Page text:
As for the term "Green Beret" -
A beret is a form of headgear. Green is a color.
A "green beret" is a form of headgear of that color.
The term "Green Beret" came about when Robin Moore's very successful book, "The Green Berets", was published.
The "Green Beret" term has come into general use and acceptance and understandably so via the mainstream entertainment / and print media.
However, the proper term is "Special Forces Soldier".
This denotes any Soldier serving with a United States Army Special Forces unit.
Back in the day the green beret, after its formal presentation to Special Forces by President Kennedy, could be and was worn by anyone assigned to an SF Group. The only important and meaningful designator was the presence of either a small cloth bar denoting which Group the Soldier was serving with sewn onto the beret AND the Special Forces unit emblem positioned above it.
This combination denoted a Soldier either assigned to the unit in a support role OR a Soldier who was not yet a successful graduate of the Special Forces Qualification Course. The "flash" qualified guys called the bar a "candy stripe". If you were an non-qual and hoping to get to SFQC it was a real motivator to get out from under that beret and into one with a full Group "flash".
The "flash" was and remains a shield shaped patch featuring the distinct color or colors of the Group one is assigned to. The SF unit emblem is affixed to the center of the "flash" if you are enlisted.
If you are an officer or warrant officer one's commissioned rank replaces the unit emblem.
If you are a "full flash" qualified SF Soldier this is how, in the old days, one could tell at a glance if you were wearing your beret.
Back in the 80s the Army created the Special Forces tab ("long tab) in conjunction with its new Special Forces branch and 18 Series. The full flash became common headgear on a green beret and it is the "long tab" worn on the left shoulder that denotes a fully qualified SF Operator.
The wearing of a green beret by support troops or non SF qualified troops went away some time ago - as did the candy stripe - and support / non-quals now wear a maroon beret with the Group "flash" and appropriate unit or rank emblem. Many Group Support Battalion personnel are parachute qualified and Special Forces is denoted formally as being an Airborne unit.
That being said -
Anyone from the pre / mid 1980s generations of those assigned to an Army Special Forces unit could and did wear a "green beret". Their qualification status was public knowledge by either the presence of a "candy stripe" or "full flash" on the beret.
Technically whether fully qualified as an operator or not the Service Member was / did serve in Special Forces and under a "green beret".
After military service it is up to the individual to qualify in what capacity he/she served in the unit / Group...as a "candy striper" or "flash qualified" Special Forces Soldier.
For example, upon my approved 4187 to attend the SFQC I was authorized to wear the Special Forces shoulder patch and a green beret with "candy stripe". It was an honor to do so - but I couldn't wait to be rid of the "stripe of shame" as the old "full flash" guys sometimes called it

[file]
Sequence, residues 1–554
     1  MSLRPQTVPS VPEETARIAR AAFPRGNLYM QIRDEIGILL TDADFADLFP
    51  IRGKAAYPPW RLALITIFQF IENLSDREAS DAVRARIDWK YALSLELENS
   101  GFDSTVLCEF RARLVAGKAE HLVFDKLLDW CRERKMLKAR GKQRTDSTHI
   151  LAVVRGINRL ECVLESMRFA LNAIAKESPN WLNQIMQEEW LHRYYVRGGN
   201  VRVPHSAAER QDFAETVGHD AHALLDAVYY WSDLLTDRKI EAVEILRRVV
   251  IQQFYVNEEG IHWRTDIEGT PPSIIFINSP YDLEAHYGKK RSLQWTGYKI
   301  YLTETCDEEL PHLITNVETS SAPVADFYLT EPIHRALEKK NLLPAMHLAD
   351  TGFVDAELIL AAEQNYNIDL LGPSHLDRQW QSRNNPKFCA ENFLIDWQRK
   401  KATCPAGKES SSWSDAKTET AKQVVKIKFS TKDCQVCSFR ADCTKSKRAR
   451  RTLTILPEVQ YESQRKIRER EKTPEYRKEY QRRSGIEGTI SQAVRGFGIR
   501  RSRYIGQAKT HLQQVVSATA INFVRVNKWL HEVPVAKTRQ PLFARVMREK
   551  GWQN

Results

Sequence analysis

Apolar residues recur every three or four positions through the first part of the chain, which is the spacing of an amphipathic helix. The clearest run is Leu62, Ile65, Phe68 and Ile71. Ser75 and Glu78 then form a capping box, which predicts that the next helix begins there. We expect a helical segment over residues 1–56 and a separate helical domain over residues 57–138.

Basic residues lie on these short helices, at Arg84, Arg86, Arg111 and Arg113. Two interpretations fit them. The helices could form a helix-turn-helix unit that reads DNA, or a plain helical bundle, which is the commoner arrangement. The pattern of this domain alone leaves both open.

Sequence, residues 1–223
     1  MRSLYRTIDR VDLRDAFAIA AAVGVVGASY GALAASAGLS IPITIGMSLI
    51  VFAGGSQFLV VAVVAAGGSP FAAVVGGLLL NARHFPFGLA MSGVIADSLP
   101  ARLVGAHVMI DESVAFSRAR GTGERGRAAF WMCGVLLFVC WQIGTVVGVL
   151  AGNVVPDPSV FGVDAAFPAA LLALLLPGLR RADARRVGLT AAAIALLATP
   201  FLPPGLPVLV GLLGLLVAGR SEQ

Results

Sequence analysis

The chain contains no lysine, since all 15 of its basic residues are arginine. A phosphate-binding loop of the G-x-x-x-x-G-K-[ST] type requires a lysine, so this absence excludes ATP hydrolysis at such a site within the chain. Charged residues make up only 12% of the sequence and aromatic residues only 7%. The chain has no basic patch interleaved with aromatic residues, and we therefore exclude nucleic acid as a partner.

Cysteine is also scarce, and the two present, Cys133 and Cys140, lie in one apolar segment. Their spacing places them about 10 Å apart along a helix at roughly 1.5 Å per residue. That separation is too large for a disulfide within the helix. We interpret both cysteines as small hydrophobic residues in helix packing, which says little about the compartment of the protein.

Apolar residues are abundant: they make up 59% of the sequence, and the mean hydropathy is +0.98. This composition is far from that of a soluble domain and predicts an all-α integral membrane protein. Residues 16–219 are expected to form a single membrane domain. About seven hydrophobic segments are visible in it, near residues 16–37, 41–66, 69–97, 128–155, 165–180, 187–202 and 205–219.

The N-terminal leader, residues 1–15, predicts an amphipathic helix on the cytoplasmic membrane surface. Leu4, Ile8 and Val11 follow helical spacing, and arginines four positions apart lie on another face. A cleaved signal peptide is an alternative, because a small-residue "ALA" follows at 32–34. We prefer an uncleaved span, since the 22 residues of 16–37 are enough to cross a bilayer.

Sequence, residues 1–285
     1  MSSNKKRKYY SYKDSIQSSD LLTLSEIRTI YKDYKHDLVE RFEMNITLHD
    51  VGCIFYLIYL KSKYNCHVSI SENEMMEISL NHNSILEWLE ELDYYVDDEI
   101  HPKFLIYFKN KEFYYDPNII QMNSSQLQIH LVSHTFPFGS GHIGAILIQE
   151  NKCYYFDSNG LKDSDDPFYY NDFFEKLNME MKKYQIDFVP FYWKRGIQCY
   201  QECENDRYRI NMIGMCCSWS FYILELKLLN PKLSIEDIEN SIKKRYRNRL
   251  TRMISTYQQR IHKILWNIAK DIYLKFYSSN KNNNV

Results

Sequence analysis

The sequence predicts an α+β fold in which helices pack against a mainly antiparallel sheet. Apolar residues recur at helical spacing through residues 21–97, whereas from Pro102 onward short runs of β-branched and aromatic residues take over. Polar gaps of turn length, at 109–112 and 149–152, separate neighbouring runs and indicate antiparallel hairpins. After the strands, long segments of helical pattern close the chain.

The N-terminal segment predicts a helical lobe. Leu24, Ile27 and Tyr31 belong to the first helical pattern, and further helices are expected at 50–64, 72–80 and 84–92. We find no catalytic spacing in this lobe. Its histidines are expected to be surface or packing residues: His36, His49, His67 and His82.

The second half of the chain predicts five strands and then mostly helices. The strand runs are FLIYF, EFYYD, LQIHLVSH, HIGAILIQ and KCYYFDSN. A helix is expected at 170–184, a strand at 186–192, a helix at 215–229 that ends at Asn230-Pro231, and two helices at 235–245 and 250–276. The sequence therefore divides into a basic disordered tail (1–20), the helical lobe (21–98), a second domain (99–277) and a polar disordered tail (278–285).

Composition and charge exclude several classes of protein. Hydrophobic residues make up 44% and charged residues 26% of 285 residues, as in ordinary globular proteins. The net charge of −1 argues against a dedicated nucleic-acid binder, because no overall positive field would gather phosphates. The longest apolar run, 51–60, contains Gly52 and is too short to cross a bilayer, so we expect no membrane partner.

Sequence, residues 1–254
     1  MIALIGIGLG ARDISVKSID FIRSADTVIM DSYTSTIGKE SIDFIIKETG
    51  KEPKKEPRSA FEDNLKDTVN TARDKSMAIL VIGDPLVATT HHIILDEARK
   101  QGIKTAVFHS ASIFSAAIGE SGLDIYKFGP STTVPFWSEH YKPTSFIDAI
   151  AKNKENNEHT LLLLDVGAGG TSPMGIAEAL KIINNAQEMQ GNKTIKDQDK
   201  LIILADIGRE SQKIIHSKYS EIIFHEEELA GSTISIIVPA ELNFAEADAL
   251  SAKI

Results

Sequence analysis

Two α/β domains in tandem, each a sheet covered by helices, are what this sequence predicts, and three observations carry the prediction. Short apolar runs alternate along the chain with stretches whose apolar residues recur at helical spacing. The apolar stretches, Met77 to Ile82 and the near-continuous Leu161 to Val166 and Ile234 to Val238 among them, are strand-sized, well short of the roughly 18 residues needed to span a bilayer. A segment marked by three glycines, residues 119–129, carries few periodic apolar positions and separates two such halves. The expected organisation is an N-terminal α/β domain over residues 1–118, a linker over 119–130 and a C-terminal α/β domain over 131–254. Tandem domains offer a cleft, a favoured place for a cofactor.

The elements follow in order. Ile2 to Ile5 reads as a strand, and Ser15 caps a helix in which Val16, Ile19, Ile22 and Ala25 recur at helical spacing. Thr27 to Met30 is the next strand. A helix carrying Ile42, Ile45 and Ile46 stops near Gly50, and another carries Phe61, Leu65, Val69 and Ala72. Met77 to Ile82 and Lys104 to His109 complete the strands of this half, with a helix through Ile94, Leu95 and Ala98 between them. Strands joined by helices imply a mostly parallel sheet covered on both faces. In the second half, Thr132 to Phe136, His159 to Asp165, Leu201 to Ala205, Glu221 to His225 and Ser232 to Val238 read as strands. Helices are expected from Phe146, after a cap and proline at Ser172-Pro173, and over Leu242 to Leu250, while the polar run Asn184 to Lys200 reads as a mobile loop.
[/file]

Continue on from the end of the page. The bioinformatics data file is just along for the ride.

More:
When I graduated with SFQC 3-80, as an Honor Graduate of the class, I was privileged to don the beret with "full flash" (10th Special Forces Group at the time).
When the 18 Series became the norm I changed my MOS, per the requirement, from 11 Bravo, "S" (the designator for Special Forces Qualified) to 18 Bravo (Special Forces Light Weapons Sergeant) and I sewed on my "long tab".
Point is - that's how it works when you're in Group qualification wise.
The proper question of Mr. Webb is this:
"Jim (Webb), did you attend and graduate SFQC and if so, what was your class number, please?"
"Jim (Webb), if you attended and graduated Ranger School what was your class number, please?
Neither is "classified" information and is provided on one's 2-1 and DD 214 which is available under FOIA.
JimH - (wasn't going to forget you, brother
). I believe you are a former Marine and went to the Army ("the dark side") after your service in the Corps. What was your SFQC class number, please? And did you attend while Active Duty or on orders placing you on active duty while serving with one of our Reserve/National Guard Groups?
'Cause in the Alpha Dog world of SF qualified Soldiers the Active Duty guys ALWAYS used to look down their noses at Reserve/NG SF Soldiers who qualfied as "weekend warriors"
We can be a tough crowd to please.
I would close with my non-distinction of the two any longer. I served with the 10th and 7th (Charlie Company, 3/7, El Salvador campaign) (Active Duty units), the 12th and then the 19th in 2002/2003 (Operation Iraqi Freedom).
Our two current National Guard SF Groups, the 19th and 20th, are as good a operators as the Active Duty side of the house today; they have seen their share of Wounded and Killed in Action; been awarded their fair share of Valor awards and Purple Hearts; and fought in every theatre of the Global War on Terrorism since it began.
They undergo the same rigorous Selection Phase as the Active side of the house and the same SFQC course, now many months longer than when I went through now 30+ years ago.
In fact, the coming issue of "The Drop", the Special Forces Association's (SFA) quarterly magazine for its members, is dedicated to the service and sacrifice of the 19th and 20th Groups.
And the SFA membership has its own vetting process and its own "green beret" with SFA "flash" and center emblem...or you can wear the beret and Group flash you served with and is the most meaningful to you.
De Oppresso Liber!